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Extreme hydrological events are among the most significant potential impacts of climate change. The research of Annie Poulin, academic/researcher in the Construction Engineering Department, examines the impact of climate change on water resources. She heads HC3, the Hydrology, Climate and Climate Change Laboratory at ÉTS, which is specialized in studying the water cycle and the impact of global changes on the hydrology of watersheds in natural and urban environments.
Professor Poulin’s research aims to generate flow projections, producing information that will be useful for identifying measures to be taken to adapt to climate change. “Our hydrological models use output from climate models covering the years 1950 to 2100,” she says. “They allow us to assess floods, for example, based on conditions in the recent past, the present and the future. Our research is aimed at developing and improving our tools to ensure that the science and our results can get back to the user and the decision makers, so that they can ensure public welfare, safety and environmental protection.”
While some may think that studying the impact of climate change must be depressing, Professor Poulin is not one of them. “Without wanting to stick my head in the sand, I think that we need to accept the fact that the climate is changing and that this has certain impacts, while we continue to change our ways in order to reduce our environmental footprint, of course,” she says. Quoting Alain Bourque, CEO of the Ouranos Consortium, she believes that we need to realize that even if Québec considerably reduces its GHG emissions, the next few years will not see things return to the way they were before. “We need to find a balance between economic development and imbalances in our ecosystems, and not over-exploit our resources,” she adds. “Unfortunately, we can’t go back to the pre-industrial era, but we must cut emissions. I am confident about our prospects. We are witnessing a culture of changing habits. I can see it in my children.”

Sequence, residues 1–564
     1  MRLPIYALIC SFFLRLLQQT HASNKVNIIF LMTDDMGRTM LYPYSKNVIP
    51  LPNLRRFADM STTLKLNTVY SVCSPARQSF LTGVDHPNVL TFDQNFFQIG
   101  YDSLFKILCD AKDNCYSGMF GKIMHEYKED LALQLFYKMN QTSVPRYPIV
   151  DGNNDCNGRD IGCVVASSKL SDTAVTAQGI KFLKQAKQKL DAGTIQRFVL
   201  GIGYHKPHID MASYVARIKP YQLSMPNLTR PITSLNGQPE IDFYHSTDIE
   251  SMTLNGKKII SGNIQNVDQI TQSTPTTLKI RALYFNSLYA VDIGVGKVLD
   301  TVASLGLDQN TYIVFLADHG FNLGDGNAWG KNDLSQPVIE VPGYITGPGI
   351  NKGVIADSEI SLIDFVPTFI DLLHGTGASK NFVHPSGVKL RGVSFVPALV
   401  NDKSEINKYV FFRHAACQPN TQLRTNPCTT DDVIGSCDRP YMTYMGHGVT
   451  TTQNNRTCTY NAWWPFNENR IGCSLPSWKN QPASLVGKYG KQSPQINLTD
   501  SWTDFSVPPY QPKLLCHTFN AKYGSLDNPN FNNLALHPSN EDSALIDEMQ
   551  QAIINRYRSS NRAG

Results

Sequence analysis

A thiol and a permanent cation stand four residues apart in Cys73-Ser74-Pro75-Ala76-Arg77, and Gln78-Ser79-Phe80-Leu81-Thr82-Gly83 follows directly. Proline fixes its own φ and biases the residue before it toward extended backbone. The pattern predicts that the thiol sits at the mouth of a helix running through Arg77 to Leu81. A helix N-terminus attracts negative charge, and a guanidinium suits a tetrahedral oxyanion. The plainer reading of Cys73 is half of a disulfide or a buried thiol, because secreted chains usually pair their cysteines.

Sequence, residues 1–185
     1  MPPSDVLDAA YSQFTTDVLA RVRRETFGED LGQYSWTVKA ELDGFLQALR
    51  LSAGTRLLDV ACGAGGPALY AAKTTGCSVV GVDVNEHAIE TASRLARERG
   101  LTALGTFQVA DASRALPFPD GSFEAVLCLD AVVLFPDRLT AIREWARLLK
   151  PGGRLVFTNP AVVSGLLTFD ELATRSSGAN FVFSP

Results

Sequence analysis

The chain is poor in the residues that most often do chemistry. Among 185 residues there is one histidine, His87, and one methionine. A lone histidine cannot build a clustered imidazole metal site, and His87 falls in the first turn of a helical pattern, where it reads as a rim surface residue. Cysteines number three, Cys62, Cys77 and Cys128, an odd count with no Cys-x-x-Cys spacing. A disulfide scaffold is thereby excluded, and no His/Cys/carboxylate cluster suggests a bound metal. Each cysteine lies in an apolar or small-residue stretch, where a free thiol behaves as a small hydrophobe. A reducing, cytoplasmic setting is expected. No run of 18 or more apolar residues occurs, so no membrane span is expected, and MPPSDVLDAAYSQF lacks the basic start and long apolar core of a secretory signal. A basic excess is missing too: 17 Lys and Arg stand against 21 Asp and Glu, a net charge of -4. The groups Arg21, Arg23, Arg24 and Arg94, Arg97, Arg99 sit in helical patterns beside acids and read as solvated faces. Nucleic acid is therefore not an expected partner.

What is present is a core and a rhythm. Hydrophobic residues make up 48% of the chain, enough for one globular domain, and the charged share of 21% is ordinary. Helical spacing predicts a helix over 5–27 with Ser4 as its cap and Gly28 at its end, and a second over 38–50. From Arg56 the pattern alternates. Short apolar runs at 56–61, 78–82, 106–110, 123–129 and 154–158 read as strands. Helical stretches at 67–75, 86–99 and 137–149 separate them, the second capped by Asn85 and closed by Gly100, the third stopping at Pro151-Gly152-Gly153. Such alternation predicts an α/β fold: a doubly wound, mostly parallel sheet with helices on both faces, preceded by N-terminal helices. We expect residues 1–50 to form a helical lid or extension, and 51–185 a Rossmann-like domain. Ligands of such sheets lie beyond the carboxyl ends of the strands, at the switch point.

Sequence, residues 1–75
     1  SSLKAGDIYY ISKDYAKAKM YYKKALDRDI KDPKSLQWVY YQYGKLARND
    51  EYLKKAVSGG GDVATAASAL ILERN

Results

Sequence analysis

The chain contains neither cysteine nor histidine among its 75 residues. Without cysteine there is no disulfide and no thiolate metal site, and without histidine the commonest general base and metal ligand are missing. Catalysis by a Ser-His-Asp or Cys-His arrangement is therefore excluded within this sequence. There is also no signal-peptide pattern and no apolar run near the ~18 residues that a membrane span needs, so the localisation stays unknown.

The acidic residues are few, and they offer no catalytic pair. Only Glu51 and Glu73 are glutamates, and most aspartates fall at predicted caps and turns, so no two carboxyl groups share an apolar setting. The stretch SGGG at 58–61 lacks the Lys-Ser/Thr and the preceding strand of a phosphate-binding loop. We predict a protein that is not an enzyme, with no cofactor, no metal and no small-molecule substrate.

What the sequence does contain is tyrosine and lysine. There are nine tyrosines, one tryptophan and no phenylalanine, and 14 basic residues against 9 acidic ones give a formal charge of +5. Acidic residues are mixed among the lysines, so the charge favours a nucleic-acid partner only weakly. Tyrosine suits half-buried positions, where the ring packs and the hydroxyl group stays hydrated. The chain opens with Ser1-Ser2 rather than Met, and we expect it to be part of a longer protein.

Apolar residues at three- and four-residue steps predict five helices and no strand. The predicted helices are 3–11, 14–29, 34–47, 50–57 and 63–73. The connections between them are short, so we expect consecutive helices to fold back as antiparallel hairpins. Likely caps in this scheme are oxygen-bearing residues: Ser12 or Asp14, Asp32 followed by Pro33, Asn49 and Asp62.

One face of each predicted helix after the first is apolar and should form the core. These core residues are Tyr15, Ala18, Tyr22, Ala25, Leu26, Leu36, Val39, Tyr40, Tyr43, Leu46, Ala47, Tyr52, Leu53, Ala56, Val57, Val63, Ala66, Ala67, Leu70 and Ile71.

Professor Poulin has been “swimming” in the field of hydrology ever since she began her bachelor’s degree in Geological Engineering at Université Laval. Her career path has been marked by many happy encounters (one might say almost like Amélie Poulain, in the French movie). She interned at INRS during the first few summers of her undergraduate program and ended up staying there until she obtained her Ph.D. She arrived at ÉTS just as the institution was awarded major funding for a project on the impact of climate change on water resources.
“If I could give one piece of advice to young researchers, I’d say be open to the opportunities that come your way,” she says. “I try to instill this capacity for openness in my students – and in my children!” And she herself practises this openness. In particular, she co-initiated a project, in collaboration with the Ouranos consortium, the water expertise branch of the Ministère de l’Environnement et de la Lutte contre les changements climatiques and the Regroupement des organismes de bassins versants du Québec. The project is being carried out in Mexico, a context that is markedly different from Québec. Its purpose is to develop tools for impact studies and for decision making on adaptations in a variety of conditions.
Professor Poulin’s team spirit and desire to live life to the fullest are not something new. As a student she competed at a high level in snowboarding at Mont Sainte-Anne. “We were the best team in Québec, and one of the best in Canada!” she exclaims. Anne Poulin cultivates balance. Everywhere.